The success of the effort convinced the company to run ads every week speaking out on issues important to the public. The tradition has been carried on for nearly 30 years. Although working with agency Doyle Dane Bernbach, Mobil itself directly generated the content of the corporate campaign.
The rise in consumer advocacy and increased pressure from government regulators questioning advertising claims led to other important challenges for corporations. In 1971, the Federal Trade Commission enacted product-related regulations requiring advertisers to provide proof of accuracy of ad statements and to substantiate the claims made in their ad copy.
As the practice of corporate image advertising grew, critics charged that companies were telling only half-truths and that their ads were misleading. In response to demands for regulation, companies sought to create more responsible images for themselves. Instead of products, they advertised public interest programs, social responsibility, equal employment opportunity and minority assistance. Some companies spoke out on political issues and referenda.
In 1978, the Supreme Court increased First Amendment protection for corporate speech with its decision in First National Bank of Boston v. Bellotti. The court's ruling asserted that citizens have a right to receive political speech by corporations.
Corporate ad campaigns have not always been successful. Beatrice Foods tried to establish itself as the premier marketer of consumer products with an ad campaign in 1984. The ads, created by Marsteller, Chicago, showed Beatrice's products and then introduced the company with the tagline, "Beatrice. You've known us all along."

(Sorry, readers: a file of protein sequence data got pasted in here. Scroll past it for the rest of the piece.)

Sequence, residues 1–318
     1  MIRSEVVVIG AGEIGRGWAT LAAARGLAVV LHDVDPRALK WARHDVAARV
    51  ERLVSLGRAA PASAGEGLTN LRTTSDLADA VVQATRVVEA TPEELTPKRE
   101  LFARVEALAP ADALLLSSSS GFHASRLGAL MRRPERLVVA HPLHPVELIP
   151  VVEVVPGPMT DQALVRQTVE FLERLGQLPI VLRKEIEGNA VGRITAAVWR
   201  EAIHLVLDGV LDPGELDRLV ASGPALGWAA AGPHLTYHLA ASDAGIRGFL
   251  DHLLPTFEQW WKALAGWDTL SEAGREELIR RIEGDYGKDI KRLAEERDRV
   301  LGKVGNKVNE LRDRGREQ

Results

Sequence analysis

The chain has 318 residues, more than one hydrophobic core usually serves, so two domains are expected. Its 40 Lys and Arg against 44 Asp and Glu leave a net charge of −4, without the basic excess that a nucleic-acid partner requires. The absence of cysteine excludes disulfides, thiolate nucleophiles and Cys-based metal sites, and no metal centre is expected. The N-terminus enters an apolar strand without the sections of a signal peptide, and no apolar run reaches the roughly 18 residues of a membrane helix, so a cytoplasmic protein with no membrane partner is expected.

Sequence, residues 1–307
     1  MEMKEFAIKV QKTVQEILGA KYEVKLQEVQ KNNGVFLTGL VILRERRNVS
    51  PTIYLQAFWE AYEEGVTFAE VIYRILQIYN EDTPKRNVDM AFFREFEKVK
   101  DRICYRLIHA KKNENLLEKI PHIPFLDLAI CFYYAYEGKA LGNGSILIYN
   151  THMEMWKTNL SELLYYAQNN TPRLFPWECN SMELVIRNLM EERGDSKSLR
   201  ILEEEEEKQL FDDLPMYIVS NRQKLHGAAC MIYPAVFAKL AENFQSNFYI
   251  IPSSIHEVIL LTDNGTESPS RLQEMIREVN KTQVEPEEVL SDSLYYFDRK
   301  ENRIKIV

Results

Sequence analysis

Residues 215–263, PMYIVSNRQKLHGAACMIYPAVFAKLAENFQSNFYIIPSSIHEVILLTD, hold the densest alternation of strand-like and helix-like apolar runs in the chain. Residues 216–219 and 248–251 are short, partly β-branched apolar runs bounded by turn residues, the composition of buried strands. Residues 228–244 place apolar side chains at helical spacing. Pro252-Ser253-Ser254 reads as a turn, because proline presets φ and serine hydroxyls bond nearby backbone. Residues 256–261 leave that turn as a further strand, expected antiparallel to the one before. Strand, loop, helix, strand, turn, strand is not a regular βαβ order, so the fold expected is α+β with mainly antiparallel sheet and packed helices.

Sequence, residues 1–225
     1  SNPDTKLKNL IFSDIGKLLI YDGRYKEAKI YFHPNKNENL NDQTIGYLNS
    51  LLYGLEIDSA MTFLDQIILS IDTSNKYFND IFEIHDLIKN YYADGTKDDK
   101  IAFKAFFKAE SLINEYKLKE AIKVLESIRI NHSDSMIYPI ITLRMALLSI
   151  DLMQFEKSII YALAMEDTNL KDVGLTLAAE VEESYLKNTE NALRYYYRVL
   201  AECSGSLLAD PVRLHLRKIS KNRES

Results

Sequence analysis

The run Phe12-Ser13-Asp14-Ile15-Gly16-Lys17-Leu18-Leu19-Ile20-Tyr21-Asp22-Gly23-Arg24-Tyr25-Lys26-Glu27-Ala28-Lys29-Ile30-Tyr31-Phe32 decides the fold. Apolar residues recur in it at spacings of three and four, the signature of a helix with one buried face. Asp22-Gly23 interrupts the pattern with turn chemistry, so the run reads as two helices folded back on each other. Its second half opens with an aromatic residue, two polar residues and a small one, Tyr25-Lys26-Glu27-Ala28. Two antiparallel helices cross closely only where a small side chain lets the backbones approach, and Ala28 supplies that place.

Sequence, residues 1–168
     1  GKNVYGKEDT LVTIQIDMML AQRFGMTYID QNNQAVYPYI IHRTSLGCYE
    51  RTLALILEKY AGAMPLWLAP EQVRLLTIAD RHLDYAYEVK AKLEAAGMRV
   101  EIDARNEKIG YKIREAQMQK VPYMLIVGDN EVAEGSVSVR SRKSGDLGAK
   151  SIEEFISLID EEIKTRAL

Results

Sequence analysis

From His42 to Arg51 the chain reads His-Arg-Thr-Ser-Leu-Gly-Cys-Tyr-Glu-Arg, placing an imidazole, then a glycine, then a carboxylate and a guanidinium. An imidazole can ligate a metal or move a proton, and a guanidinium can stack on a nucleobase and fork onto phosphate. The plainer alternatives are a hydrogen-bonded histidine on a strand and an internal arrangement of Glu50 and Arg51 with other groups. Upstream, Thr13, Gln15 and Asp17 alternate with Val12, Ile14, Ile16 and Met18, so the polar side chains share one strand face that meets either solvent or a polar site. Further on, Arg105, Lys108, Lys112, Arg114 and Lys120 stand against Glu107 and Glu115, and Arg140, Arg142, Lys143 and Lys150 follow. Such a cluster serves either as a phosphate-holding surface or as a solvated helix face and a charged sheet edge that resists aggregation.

The intention was for the lesser-known Beatrice name to borrow the prestige and good will associated with its established consumer brands such as Tropicana, Samsonite and Playtex. The strengthened Beatrice name would then be used to add value to its food division products.
However, the approach confused consumers, who questioned how a company that made orange juice could also make quality luggage and women's underwear. Ultimately, the company was bought out and its business units sold.
Some corporate campaigns have ignited controversy. The Italian clothing retailer Benetton has employed social and political messages in its ad campaigns, communicating values espoused by the company. In 1999, to foster debate on capital punishment, Benetton launched a series of ads featuring death-row inmates in U.S. prisons.
The campaign drew heavy criticism from families of the prisoners' victims. There were also claims that the images were acquired under suspicious circumstances. Distributors of Benetton products were forced to cancel their contracts with the company after receiving threatening protests from offended consumers.